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United States v. Martin

United States District Court, D. Hawaii

September 25, 2014

UNITED STATES OF AMERICA, Plaintiff,
v.
ABRAHAM NGUYEN MARTIN, Individually and Trustee for the ABRAHAM NGUYEN MARTIN REVOCABLE TRUST AGREEMENT DATED JANUARY 10, 1991, ANNA ANH MARTIN, Individually and Trustee for the ANNA ANH MARTIN REVOCABLE TRUST AGREEMENT DATED JANUARY 10, 1991, JOANNE ANN MARTIN, WELLS FARGO BANK, N.A., LOANCARE, a Division of FNF SERVICING, INC., AND STATE OF HAWAII, DEPARTMENT OF TAXATION, Defendants.

ORDER GRANTING THE GOVERNMENT'S MOTION FOR SUMMARY JUDGMENT ON COUNTS ONE AND TWO IN THE COMPLAINT

LESLIE E. KOBAYASHI, District Judge.

Before the Court is Plaintiff the United States of America's ("the Government") Motion for Summary Judgment on Counts One and Two in the Complaint ("Motion"), filed on June 9, 2014. [Dkt. no. 44.] Pro se Defendant Abraham Nguyen Martin ("Abraham Martin") filed his memorandum in opposition on August 11, 2014, and the Government filed its reply on August 18, 2014. [Dkt. nos. 62, 65.] This matter came on for hearing on September 2, 2014. After careful consideration of the Motion, supporting and opposing memoranda, and the arguments presented at the hearing, the Government's Motion is HEREBY GRANTED for the reasons set forth below.

BACKGROUND

On October 3, 2013, Plaintiff filed its Complaint to Reduce Federal Tax Assessments to Judgement and Foreclose Federal Tax Liens on Real Property ("Complaint") against: Abraham Martin, individually and trustee for the Abraham Nguyen Martin Revocable Trust Agreement dated January 10, 1991; Anna Anh Martin ("Anna Martin"), individually and trustee for the Anna Anh Martin Revocable Trust Agreement dated January 10, 1991; Joanne Ann Martin ("Joanne Martin"); Wells Fargo Bank, N.A.; LoanCare, a division of FNF Servicing, Inc.; and State of Hawaii, Department of Taxation.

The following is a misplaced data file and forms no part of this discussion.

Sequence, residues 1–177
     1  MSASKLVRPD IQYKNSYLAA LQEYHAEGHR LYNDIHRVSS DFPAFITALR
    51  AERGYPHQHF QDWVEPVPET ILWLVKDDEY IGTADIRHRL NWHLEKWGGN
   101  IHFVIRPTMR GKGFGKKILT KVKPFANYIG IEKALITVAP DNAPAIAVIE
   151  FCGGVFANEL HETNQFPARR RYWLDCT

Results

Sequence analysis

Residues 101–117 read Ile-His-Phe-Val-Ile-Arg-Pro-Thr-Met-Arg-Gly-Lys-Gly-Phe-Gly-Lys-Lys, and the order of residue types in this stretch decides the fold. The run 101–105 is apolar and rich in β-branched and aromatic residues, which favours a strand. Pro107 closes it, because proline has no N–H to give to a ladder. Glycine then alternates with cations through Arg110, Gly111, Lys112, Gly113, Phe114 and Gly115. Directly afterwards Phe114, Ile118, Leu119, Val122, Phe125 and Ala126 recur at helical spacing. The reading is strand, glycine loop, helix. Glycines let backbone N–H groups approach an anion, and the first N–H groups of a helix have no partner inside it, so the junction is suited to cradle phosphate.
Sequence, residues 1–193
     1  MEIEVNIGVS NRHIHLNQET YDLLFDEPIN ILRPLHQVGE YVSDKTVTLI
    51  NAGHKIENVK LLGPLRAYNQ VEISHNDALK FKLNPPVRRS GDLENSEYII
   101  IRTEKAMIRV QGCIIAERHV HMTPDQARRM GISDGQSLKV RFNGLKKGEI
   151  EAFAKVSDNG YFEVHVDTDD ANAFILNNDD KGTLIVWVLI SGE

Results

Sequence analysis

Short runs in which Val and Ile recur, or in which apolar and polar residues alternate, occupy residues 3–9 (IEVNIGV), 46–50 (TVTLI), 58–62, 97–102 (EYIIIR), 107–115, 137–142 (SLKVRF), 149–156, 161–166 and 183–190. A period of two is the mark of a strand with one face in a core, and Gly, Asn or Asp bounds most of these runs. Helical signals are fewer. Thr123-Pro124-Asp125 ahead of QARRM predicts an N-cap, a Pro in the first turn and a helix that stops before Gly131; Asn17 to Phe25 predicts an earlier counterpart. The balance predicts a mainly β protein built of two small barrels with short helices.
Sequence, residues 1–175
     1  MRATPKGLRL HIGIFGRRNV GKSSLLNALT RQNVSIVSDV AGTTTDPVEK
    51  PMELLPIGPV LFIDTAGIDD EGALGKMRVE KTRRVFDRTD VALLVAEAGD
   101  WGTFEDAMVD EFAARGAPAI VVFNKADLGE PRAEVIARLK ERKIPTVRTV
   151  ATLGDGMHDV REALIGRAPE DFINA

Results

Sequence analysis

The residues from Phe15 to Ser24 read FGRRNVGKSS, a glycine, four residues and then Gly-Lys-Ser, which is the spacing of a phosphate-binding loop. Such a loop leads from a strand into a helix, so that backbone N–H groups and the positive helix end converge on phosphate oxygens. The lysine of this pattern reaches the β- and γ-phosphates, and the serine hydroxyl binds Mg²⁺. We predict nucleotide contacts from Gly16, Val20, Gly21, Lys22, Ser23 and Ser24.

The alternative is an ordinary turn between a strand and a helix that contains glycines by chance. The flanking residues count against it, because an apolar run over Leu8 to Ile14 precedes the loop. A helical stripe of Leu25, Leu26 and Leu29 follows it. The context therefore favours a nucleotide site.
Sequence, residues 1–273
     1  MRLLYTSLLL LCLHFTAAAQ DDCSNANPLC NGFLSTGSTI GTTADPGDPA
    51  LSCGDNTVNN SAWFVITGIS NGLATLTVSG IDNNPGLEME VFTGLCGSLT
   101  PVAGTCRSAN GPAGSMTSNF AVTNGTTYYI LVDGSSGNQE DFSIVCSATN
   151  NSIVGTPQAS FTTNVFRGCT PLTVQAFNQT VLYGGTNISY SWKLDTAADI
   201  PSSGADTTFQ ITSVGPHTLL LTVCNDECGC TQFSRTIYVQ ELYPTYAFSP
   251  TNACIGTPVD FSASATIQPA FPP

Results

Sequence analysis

The Complaint centers on the Government's attempt to foreclose on the Martin home, located in Honolulu ("the Property"), and to ensure that the Government can satisfy Abraham and Anna Martin's (collectively, "the Martins") tax liabilities through the sale - by setting aside purported fraudulent transfers of the Property and adjudging title.

The Government alleges that Abraham Martin failed to pay certain tax liabilities in 1992, and the Martins jointly failed to pay additional liabilities in 1993 and 1994. [Complaint at ¶¶ 26, 32.] Together, the Government alleges that, with fraud and failure-to-pay penalties and interest, their debt amounted to over $700, 000 as of August 2013. [Id.] The Government further alleges that, beginning in 1998, the Martins engaged in a series of fraudulent transfers of the Property between family trusts for no consideration, in an attempt to evade an audit by the federal government. [Id. at ¶¶ 15-18, 21-22, 45-55.]

The Complaint alleges the following claims: reduce to judgment federal tax assessments against Abraham Martin for tax year 1992 ("Count I"); reduce to judgment federal tax assessments against the Martins jointly for tax years 1993 and 1994 ("Count II"); foreclose on federal tax liens against the Property ("Count III"); determine that the suspect transfers of the Property do not affect the Government's ability to collect on the Martins' tax debts from the Property ("Count IV"); find that the suspect conveyances were fraudulent ("Count V"); and find that the current titleholders of the Property, Anna and Joanne Martin, are holding title as nominees of the Martins ("Count VI"). [Id. at ¶¶ 25-63.]